The Legacy of William Cooper

What is that? Well, as you may know, Uncle William Cooper (1860- 1941) was an Indigenous activist and leader of his community, who also saw the injustices of the world around him, at a time when his own people were struggling for acceptance and their place in Australian society. When he heard of Kristallnacht in far off Europe, he organised for a delegation of Indigenous men and women to march to the German consulate in Melbourne, and presented them with a letter condemning the Jewish persecution. The Germans refused to accept the letter, but simply presenting it made Cooper a hero, especially in the eyes of the Jewish community.

In 2017, 88-year-old Alfred Turner, known as Uncle Boydie, who is an Indigenous leader and hero in his own right, travelled to Berlin, where the German Government of today finally accepted the letter of his grandfather and thanked him for it. On the way, he stopped in London, and visited Ypres in Belgium, where his uncle (William Cooper's son Daniel) fought and died for the Australian Imperial Forces in World War I. As a result, Uncle Boydie, as a representative of  his grandfather and of Indigenous Yorta Yorta soldiers who fought in World War I, also visited Israel, and laid a wreath at the official centennial commemoration of the Light Horse Charge in Beersheba on October 31.

In the latter part of his life, William Cooper became an Indigenous activist and hero. But his story is not so well known in Australia, though it has all the makings of a Hollywood movie. It is now time for the Australian people to be educated about this important figure in Australian history, and a story that still has ramifications today. William Cooper's brave stance in the face of evil is a legacy that reverberates amongst descendants of the Indigenous people that Cooper was so passionate about, amongst the Jewish community, and in fact amongst all upstanding people of Australia and the world.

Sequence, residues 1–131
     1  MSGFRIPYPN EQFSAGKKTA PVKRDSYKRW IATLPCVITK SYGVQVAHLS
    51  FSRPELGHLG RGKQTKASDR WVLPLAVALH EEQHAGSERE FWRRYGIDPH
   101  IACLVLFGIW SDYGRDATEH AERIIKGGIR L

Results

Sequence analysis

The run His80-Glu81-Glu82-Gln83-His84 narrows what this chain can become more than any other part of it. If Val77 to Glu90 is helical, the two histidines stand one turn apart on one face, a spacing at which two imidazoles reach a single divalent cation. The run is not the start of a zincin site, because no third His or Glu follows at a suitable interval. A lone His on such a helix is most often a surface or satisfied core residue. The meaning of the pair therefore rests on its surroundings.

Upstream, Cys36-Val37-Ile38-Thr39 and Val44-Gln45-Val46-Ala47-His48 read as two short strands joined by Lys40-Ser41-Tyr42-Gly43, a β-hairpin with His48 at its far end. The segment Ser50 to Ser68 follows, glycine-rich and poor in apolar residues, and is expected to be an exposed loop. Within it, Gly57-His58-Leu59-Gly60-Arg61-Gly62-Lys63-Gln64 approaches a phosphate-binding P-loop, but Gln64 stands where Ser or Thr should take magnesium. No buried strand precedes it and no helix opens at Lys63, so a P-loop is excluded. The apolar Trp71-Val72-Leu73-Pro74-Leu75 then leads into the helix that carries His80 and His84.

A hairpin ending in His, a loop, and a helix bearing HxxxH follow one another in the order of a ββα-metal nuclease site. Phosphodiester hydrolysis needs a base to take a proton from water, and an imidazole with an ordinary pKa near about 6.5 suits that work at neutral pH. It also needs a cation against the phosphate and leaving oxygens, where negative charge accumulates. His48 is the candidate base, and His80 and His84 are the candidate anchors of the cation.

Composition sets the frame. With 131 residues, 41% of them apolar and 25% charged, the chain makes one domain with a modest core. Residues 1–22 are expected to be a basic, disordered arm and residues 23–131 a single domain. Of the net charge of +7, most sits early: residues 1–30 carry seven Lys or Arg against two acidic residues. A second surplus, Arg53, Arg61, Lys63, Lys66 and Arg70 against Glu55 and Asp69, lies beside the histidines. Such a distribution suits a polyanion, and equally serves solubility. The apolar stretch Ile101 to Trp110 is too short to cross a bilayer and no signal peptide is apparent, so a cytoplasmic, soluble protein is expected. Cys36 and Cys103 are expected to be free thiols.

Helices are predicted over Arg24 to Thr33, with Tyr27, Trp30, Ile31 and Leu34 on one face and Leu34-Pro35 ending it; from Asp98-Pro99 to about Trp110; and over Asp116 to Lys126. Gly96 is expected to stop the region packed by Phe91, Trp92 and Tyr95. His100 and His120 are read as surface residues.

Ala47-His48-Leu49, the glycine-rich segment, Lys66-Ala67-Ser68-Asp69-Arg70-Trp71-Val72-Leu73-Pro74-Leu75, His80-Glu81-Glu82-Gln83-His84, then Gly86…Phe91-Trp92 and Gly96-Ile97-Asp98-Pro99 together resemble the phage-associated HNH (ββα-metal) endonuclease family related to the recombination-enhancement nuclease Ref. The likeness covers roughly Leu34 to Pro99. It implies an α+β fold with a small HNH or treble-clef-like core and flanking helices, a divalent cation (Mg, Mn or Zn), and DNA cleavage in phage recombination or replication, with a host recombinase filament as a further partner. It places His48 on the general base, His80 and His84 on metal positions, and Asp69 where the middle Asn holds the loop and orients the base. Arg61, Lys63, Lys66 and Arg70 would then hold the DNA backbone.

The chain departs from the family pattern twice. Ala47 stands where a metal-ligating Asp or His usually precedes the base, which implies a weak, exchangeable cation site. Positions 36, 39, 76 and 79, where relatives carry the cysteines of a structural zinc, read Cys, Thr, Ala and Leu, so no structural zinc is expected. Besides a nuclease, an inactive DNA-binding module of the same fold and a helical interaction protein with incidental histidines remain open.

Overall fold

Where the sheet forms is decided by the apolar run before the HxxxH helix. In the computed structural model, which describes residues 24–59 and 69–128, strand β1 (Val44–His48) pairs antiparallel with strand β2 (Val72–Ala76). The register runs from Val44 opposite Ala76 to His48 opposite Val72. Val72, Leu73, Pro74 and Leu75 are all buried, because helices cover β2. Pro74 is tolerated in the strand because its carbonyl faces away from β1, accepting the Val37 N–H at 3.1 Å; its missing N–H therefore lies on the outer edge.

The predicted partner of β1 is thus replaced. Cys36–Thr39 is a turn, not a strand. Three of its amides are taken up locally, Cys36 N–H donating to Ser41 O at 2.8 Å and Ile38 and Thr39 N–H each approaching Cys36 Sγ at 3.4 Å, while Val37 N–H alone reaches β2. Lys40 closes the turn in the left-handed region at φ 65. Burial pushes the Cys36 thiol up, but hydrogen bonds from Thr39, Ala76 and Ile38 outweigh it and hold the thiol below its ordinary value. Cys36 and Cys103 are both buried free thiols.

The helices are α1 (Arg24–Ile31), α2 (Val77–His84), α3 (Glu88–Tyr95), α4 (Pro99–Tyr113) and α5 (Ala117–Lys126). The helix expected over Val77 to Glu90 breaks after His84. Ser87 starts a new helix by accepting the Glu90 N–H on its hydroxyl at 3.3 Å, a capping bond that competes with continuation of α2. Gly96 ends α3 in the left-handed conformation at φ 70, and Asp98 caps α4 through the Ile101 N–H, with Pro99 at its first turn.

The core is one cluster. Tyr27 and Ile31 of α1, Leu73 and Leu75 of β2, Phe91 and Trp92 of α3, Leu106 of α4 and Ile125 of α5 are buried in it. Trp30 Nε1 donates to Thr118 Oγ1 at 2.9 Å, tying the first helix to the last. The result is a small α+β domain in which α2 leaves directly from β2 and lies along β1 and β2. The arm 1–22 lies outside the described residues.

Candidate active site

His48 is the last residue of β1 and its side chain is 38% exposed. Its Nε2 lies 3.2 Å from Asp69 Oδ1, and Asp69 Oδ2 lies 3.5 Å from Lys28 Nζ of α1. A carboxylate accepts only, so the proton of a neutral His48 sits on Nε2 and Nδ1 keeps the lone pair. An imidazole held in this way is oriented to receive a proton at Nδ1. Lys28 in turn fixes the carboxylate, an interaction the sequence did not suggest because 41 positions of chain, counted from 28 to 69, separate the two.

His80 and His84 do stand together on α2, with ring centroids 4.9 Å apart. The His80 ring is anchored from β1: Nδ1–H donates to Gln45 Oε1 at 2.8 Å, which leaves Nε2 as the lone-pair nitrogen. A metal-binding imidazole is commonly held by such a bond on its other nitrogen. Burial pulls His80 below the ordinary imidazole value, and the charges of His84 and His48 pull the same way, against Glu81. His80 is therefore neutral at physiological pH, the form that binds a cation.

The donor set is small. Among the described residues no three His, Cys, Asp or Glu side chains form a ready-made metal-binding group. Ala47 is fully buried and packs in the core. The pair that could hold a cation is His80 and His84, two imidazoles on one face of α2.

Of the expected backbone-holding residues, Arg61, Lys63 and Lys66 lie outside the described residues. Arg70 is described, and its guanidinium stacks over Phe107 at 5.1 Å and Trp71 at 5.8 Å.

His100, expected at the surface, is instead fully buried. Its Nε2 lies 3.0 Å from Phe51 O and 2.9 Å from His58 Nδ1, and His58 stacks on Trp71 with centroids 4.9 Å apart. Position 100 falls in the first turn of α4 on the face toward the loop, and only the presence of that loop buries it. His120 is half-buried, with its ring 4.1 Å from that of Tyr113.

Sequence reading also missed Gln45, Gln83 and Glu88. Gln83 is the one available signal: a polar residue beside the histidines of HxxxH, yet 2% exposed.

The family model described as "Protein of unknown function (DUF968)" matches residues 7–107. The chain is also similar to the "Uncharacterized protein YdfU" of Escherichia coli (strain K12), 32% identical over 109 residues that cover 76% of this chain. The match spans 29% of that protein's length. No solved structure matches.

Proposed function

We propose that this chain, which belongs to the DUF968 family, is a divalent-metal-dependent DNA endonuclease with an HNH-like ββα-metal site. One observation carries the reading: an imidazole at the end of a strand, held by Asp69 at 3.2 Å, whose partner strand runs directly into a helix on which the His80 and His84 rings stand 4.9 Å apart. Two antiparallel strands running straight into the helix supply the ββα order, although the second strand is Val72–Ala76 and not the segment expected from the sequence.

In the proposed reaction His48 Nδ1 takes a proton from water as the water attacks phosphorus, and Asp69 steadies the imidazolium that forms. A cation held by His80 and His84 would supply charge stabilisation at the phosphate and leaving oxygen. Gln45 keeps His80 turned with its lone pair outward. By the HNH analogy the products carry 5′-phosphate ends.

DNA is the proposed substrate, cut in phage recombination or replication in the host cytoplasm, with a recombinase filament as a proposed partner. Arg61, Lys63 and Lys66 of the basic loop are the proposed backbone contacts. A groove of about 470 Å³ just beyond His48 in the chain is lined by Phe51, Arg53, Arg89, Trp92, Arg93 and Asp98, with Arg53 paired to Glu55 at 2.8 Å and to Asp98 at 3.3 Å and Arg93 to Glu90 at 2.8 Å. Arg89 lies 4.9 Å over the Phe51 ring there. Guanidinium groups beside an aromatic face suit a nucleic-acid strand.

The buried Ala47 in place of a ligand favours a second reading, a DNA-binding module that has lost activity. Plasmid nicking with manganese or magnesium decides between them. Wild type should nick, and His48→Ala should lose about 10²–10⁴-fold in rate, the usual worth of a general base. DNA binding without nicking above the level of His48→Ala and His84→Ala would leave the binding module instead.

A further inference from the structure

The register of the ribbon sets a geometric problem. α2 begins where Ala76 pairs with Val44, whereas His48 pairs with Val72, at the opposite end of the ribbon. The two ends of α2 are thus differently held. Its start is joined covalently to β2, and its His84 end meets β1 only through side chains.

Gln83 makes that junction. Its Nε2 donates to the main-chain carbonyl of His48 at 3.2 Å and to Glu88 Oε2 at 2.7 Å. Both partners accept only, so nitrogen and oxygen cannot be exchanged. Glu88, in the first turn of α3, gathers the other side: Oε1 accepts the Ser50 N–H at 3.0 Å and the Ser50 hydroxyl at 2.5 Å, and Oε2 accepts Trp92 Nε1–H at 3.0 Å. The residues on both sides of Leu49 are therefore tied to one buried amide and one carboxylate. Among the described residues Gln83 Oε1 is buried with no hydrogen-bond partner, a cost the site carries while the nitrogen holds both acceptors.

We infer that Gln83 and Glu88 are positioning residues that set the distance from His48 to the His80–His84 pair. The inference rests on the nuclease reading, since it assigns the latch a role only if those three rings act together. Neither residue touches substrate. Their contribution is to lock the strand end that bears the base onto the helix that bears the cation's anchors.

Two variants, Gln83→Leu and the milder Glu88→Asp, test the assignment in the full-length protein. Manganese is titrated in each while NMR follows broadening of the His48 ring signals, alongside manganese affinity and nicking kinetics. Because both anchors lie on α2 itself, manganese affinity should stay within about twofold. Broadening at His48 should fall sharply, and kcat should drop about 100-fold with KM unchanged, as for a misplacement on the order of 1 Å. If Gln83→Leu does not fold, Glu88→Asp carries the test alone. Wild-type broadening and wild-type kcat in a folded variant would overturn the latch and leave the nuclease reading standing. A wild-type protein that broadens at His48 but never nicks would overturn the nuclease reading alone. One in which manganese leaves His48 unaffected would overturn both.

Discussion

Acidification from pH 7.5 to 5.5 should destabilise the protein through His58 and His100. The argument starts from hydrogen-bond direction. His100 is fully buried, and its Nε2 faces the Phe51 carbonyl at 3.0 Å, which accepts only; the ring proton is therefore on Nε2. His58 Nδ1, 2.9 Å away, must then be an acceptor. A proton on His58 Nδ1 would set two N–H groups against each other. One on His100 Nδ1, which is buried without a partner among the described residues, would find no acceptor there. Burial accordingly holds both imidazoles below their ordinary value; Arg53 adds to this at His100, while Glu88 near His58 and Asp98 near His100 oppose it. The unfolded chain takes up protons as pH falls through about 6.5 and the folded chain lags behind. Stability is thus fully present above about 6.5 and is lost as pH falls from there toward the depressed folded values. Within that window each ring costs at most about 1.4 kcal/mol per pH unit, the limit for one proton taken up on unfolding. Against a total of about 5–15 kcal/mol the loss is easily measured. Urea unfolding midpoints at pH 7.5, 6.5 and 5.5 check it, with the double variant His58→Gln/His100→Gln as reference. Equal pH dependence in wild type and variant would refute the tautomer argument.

At an invitation-only event in early August 2017in Melbourne, Rabbi James Kennard, the Oxford educated Principal of Mt Scopus College, spoke about Uncle Boydie, reconciliation and the legacy of William Cooper, and what that means to his students and to all of us. He spoke about Uncle Boydie's mission and why supporting this project is such a vital endeavour. 

Donations

Uncle Boydie and Abe Schwarz meeting Prince William

The international journey of Uncle Boydie is now complete, but the work of the promotion of the legacy of William Cooper continues. It is now the goal and work of this project, and of Uncle Boydie, to educate more people about the history and values of William Cooper and his extraordinary contribution to Australian history and culture. But we cannot do this alone.

Donations are still required to ensure that the entire project  and journey can be documented and published, and for the public to be educated about the legacy of this important figure in Australian and Jewish history. All funds collected will be put towards this project.


The 'Australian Council of Christians and Jews' has proudly offered to support this fundraising initiative facilitating donations to the William Cooper's Legacy project. The ACCJ has Deductible Gift Recipient (DGR) status. 

BSB: 013345

ACC NUMBER: 353392038 

Please contact us once a donation has been made so we can track your donation.

For other ways to donate, print the Donation Form below and return it with your donation.

Hoodies and t-shirts available

Hoodies and t-shirts are now available. To make an order, simply complete the form below and email it to williamcooperslegacy@gmail.com.

Your order will then be processed and the garments will be sent out to you.

Or can pick them up if you are in Melbourne.

Contact

For further information about the project or any of the events taking place, fill in the contact form below, or email Abe Schwarz, Convenor of the project, at williamcooperslegacy@gmail.com

PO Box 30, Balaclava VIC 3183

Follow our Facebook page at: https://www.facebook.com/williamcooperslegacy/

Uncle Boydie, grandson of William Cooper, in front of the mural of his grandfather in Shepparton